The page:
Paul Sracic, good friend of Japan since his Tokyo sojourn as a Fulbright Lecturer, shot me this link to a Financial Times op-ed by Peter Tasker. Tasker argues that the result of raising the consumption tax “is likely to be politically and economically disastrous” and instead suggests “more radical measures.” He says that “central bank could go beyond merely increasing its holdings of government bonds and cancel them, too. The target for tax hikes could shift from household spending to corporate savings.”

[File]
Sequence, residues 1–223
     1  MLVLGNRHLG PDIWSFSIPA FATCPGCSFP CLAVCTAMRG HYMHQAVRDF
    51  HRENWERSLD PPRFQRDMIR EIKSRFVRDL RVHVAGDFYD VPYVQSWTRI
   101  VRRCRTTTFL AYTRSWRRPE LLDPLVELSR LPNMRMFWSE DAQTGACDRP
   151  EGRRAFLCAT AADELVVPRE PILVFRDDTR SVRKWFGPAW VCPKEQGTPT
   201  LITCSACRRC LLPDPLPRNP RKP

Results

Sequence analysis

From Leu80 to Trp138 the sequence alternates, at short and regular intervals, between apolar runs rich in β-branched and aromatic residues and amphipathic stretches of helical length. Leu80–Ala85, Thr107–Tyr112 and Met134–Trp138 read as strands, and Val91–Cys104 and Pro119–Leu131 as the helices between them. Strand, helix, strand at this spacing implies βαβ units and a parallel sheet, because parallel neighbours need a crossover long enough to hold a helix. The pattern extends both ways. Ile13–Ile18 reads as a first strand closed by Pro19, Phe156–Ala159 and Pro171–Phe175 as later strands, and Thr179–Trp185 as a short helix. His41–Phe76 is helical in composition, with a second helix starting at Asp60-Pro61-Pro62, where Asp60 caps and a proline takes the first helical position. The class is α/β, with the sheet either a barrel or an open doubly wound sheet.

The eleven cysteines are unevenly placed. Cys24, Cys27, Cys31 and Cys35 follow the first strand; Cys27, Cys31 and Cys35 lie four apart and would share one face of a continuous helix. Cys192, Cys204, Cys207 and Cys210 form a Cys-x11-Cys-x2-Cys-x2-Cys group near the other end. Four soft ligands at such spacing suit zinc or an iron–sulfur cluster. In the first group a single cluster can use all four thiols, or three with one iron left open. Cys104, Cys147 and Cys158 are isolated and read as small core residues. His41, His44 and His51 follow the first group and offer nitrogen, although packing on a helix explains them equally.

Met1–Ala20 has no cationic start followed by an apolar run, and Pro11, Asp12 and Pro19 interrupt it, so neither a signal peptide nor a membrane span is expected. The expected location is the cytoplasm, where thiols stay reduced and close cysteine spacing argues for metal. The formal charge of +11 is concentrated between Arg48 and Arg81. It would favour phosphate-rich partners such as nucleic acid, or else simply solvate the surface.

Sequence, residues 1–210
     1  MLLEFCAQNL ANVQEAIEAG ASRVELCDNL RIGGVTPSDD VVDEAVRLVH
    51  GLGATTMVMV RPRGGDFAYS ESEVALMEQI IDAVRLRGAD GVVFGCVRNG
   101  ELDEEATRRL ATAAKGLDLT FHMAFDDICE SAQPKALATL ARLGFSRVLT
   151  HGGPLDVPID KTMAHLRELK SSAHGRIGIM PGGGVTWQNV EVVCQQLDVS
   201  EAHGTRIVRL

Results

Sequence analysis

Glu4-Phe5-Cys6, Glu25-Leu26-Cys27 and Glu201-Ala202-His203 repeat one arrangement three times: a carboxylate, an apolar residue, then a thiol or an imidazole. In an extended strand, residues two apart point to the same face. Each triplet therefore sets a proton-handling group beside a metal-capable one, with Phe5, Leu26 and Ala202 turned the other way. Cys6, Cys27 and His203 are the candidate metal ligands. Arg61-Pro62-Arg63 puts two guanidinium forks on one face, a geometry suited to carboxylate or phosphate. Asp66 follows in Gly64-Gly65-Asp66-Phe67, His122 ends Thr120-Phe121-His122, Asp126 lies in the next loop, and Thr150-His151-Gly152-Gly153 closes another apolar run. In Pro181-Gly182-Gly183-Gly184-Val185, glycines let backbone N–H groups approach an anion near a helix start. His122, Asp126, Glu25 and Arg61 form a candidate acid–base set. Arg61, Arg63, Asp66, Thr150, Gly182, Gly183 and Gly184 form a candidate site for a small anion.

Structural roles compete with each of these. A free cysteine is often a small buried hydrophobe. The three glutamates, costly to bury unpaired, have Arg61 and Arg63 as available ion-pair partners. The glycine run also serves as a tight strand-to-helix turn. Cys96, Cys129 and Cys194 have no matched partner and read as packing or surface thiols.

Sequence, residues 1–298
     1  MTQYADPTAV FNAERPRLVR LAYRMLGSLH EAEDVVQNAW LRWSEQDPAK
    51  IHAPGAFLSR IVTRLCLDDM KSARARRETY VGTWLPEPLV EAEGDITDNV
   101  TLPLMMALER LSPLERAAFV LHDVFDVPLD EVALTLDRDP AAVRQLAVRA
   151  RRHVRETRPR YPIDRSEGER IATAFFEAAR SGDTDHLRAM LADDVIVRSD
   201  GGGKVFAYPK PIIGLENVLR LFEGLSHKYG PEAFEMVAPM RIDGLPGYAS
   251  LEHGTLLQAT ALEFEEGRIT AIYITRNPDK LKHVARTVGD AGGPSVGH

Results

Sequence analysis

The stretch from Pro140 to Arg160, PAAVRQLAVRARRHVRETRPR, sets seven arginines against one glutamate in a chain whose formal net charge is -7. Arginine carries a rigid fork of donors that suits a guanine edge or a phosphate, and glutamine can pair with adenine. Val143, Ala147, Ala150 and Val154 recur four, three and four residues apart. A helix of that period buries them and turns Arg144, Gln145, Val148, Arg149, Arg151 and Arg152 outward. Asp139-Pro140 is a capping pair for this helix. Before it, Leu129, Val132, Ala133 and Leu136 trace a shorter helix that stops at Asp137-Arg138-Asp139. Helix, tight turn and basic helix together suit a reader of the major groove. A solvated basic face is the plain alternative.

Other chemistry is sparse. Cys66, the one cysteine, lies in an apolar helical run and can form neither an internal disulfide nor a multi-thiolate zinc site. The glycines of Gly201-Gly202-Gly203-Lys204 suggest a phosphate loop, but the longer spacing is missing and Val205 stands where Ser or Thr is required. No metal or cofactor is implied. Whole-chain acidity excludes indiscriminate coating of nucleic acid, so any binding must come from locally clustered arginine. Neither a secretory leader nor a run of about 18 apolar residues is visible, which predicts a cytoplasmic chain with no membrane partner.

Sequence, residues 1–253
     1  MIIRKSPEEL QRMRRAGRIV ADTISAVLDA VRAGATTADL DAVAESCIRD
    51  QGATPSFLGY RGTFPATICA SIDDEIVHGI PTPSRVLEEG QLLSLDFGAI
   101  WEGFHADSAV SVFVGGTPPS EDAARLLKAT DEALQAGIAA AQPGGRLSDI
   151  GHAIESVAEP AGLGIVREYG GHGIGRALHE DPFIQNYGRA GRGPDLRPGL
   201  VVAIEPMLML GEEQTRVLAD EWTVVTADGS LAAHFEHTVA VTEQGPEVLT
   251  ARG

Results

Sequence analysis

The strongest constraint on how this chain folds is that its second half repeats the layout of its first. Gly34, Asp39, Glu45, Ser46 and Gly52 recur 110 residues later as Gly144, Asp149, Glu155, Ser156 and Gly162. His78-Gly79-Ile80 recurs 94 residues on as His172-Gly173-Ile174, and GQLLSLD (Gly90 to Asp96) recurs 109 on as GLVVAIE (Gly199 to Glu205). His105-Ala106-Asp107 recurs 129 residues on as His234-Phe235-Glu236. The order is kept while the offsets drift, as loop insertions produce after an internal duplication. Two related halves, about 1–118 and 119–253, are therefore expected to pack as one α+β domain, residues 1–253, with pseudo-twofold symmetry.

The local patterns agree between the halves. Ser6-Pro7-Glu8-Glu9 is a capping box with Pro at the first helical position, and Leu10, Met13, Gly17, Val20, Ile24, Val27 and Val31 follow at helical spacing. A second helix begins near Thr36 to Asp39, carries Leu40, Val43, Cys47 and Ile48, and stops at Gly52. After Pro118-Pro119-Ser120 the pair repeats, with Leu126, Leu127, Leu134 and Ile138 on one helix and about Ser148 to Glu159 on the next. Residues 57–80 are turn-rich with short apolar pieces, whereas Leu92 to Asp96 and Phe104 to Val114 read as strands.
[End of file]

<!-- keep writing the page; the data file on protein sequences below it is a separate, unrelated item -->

Broadly speaking, Tasker lines up on the Keynesian side of the never-ending debate between the Keynesian and the institutional, historical [and] behavioral perspectives pitting reputable economists on both sides, though fiscal and monetary authorities in advanced economies mostly line up on the latter. I’m not suggesting that I can settle this debate, but I do know that he is looking to the wrong political figure in Toru Hashimoto as the populist to carry out his proposals. Hashimoto may oppose the consumption tax hike deal between the DPJ, (PNP,) LDP and Komeito, but he’s a small-government neoliberal supported by similarly-minded policy advisers steeped in the Koizumi-Takenaka reforms.